Natural Resources, School of

 

Date of this Version

2021

Citation

Published in International Journal of Science Education 2021, vol. 43, no. 10, pp. 1685–1707.

doi:10.1080/09500693.2021.1928325

Comments

Copyright © 2021 Informa UK Limited, trading as Taylor & Francis Group. Used by permission.

Abstract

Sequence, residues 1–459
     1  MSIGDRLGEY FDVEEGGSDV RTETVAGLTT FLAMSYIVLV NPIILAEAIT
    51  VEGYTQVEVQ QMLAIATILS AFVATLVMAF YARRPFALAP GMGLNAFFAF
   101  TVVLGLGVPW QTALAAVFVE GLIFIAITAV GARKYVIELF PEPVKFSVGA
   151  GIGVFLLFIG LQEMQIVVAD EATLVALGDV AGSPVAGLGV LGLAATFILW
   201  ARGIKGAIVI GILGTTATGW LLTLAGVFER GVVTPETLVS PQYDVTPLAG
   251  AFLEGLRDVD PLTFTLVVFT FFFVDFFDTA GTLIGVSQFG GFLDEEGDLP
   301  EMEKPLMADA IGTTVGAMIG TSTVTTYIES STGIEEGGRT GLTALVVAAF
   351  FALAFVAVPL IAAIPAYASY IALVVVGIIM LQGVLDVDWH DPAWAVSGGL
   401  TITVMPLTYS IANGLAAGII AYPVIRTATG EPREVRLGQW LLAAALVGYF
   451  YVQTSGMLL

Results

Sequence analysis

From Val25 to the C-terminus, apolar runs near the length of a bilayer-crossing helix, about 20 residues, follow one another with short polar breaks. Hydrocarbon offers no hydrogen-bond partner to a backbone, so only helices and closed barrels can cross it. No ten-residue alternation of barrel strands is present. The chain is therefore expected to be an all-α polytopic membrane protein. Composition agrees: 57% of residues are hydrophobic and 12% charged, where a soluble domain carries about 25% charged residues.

Quantitative modelling plays an important role as biology increasingly deals with big data sets, relies on modelling to understand system dynamics, makes predictions about impacts of changes, and revises our understanding of system interactions. An assessment of quantitative modelling in biology was administered to students (n = 612) in undergraduate biology courses at two universities to provide a picture of student ability in quantitative reasoning within biology and to determine how capable those students felt about this ability. A Rasch analysis was used to construct linear measures and provide validity evidence for the assessment and to examine item statistics on the same scale as student ability measures. Students overall had greater ability in quantitative literacy than in quantitative interpretation of models or modelling. There was no effect of class standing (Freshmen, Sophomore, etc.) on student performance. The assessment showed that students who participated felt confidence in their ability to quantitatively model biological phenomena, even while their performance on ability questions were low. Collectively modelling practices were correlated with students’ metamodelling knowledge and not correlated with students’ modelling capability confidence. Biology instructors who incorporate the process of modelling into their courses may see improved abilities of students to perform on quantitative modelling tasks.

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